"I'm older than my father when he had me/not sure if that means I'm doin' well or more badly," guest star billy woods muses on LA-based rapper Henry Canyons’ new album, Cool Side of the Pillow. The song is "It Don't Mean a Thing," referencing Duke Ellington's famous 1931 composition, and its jazzy bassline provides a sleepy, retro-lounge groove. A disembodied voice declares, "It don't mean a thing if it ain’t got," and trails off, as if uncertain what's needed for meaning, or how the past precisely fits into the present. The track's nostalgic, but the nostalgia fits uncertainly. The past feels good and feels unnerving—it's a resource, a reassurance, and a reminder that you've got something to live up to.
Hip-hop has always had an unusual relationship to history. Originally, rap was a bizarre, innovative, forward-looking genre made out of vivisected bits of older records. DJs didn't cut ties with what came before, but instead figured out a new way to relate to it. Now that hip-hop has its own decades-long history, the shock of the retro-future has worn off; Canyons' music doesn't sound disruptive in 2018. But the New York born rapper has on old-school ear for the juxtaposition when throwback beats are re-spliced into something comfortably weird and weirdly comfortable.
Most of Cool Side of the Pillow stays in a mellow mid-tempo, with harmonically intricate jazz samples, polished production, and hip elusive lyrics—if Steely Dan had ever attempted a hip-hop crossover, it might sound something like this. "Easy Come, Easy Go" opens with a corny sample that would fit neatly into a Dan the Automator record, and then Canyons riffs on his musical roots, "When I was young/jazz sax was my instrument/put it down for a while/currently missing it," he says, running his voice over the lyrics in a be-bop quasi-scat, imitating the horn he's talking about. "Triplets!" he exclaims, giving the word three syllables. "Are you feeling this? So goddamn rhyth-um-ic!" On the next song, "Special Blend," he name-drops Pan's Labyrinth and Coltrane in the same line before the song rides out on a sax solo, sliding and stuttering around the beat.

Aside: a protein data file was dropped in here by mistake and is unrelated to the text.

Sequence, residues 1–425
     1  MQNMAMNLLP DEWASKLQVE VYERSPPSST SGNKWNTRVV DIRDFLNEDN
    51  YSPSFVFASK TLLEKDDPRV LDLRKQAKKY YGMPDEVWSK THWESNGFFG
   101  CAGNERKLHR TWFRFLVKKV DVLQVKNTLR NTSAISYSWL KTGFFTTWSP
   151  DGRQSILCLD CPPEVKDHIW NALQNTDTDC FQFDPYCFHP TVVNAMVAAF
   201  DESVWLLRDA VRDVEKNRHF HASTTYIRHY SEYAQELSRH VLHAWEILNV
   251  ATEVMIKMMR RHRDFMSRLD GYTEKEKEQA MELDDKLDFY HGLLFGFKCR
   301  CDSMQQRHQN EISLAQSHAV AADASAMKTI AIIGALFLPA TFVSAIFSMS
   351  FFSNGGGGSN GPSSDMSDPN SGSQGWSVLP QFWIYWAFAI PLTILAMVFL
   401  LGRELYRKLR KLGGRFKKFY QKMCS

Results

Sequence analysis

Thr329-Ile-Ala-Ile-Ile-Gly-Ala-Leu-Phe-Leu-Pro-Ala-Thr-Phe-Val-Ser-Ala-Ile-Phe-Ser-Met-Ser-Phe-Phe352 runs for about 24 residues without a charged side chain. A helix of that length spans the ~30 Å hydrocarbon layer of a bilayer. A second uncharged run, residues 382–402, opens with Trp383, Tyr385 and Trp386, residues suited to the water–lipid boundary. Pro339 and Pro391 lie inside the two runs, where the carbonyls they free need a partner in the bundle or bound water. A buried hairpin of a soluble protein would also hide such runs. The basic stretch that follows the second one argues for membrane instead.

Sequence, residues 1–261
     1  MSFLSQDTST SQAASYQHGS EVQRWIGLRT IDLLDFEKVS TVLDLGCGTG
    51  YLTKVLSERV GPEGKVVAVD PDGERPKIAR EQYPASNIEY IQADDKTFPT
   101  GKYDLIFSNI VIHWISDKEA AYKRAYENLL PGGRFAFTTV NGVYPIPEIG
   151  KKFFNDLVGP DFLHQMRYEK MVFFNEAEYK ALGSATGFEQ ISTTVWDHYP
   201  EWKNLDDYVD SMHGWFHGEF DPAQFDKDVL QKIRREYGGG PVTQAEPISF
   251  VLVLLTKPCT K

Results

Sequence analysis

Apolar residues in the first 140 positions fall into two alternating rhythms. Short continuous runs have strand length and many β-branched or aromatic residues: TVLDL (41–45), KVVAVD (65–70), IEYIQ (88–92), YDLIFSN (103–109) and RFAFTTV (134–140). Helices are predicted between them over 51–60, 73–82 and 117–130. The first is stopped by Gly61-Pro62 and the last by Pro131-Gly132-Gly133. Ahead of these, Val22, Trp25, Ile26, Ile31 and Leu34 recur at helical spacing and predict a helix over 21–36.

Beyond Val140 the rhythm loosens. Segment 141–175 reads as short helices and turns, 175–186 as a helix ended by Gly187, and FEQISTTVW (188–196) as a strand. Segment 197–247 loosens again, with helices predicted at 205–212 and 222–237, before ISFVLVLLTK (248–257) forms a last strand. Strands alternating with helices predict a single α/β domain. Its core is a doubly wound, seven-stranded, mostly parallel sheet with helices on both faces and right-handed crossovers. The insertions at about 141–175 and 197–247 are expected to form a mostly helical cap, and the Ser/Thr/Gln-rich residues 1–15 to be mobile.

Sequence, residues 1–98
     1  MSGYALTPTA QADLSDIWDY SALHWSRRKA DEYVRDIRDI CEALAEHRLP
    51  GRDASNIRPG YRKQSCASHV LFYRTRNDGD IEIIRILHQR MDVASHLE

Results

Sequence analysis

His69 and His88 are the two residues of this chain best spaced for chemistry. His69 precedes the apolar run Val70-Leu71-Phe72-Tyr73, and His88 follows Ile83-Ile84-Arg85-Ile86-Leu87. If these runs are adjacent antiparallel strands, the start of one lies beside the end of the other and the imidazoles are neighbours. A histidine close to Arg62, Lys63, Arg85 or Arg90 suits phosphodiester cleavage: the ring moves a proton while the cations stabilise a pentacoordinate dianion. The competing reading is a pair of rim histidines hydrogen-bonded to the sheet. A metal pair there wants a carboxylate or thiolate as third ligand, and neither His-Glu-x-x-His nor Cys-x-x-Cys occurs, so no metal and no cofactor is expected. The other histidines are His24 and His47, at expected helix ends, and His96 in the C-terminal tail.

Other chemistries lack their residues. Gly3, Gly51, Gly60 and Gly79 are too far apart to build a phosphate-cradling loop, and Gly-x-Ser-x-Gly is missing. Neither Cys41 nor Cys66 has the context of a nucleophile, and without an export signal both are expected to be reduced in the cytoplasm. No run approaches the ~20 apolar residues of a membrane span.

"Goodnight Moon" is based around a slightly different kind of backwards look; the title and chorus are from the famous children's book by Margaret Wise Brown. Other than the title, it's not clear how the story inspired the song, though Canyons does mention his grandmother and going to Nellie Bly, a children's theme park in Bensonhurst. Oblique references to his family are wrapped around elliptical boasts about being an "ethereal fisherman," and a riff in which he compares himself to a hawk with one wing flying in circles around the same spot. "Will he kill it, or just remain simmering?" he asks. The track impishly follows its cool jazz piano figure through now and then, layered on tops of each other. You keep telling the moon good night because it keeps coming back.
The song "To the Dreamers" is the most pointedly up-to-the-minute song, but even the criticism of Trump's anti-immigrant policy is presented as a contemplative refraction.
Billy woods judges his life in relation to his dad's; Canyons thinks about how his own kids will use his own chair. The past and the future both inspire and judge now; you're trying to be worthy of both. Hip-hop treats beats as something you're holding in trust till the next beat makers pick it up. "I'm always cooking something funky for my kinfolk," Canyons murmurs on the album's title track. Cool Side of the Pillow picks up all that jazz from the past and slides on into the future. It's got a great tradition to live up to, but it's not doing badly.